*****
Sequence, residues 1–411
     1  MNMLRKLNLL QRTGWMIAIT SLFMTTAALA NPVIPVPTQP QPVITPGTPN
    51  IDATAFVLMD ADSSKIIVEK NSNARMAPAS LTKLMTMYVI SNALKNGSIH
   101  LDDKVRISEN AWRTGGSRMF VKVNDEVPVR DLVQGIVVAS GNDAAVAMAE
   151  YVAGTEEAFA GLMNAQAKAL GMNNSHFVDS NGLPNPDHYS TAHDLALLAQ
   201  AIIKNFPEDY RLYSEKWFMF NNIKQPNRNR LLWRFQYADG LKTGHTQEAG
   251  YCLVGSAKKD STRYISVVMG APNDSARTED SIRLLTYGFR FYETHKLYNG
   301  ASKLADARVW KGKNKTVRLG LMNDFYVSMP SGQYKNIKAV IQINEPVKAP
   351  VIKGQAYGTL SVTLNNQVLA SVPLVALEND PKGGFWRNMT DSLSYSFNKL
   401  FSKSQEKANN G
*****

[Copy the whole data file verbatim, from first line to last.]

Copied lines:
Sequence, residues 1–411
     1  MNMLRKLNLL QRTGWMIAIT SLFMTTAALA NPVIPVPTQP QPVITPGTPN
    51  IDATAFVLMD ADSSKIIVEK NSNARMAPAS LTKLMTMYVI SNALKNGSIH
   101  LDDKVRISEN AWRTGGSRMF VKVNDEVPVR DLVQGIVVAS GNDAAVAMAE
   151  YVAGTEEAFA GLMNAQAKAL GMNNSHFVDS NGLPNPDHYS TAHDLALLAQ
   201  AIIKNFPEDY RLYSEKWFMF NNIKQPNRNR LLWRFQYADG LKTGHTQEAG
   251  YCLVGSAKKD STRYISVVMG APNDSARTED SIRLLTYGFR FYETHKLYNG
   301  ASKLADARVW KGKNKTVRLG LMNDFYVSMP SGQYKNIKAV IQINEPVKAP
   351  VIKGQAYGTL SVTLNNQVLA SVPLVALEND PKGGFWRNMT DSLSYSFNKL
   401  FSKSQEKANN G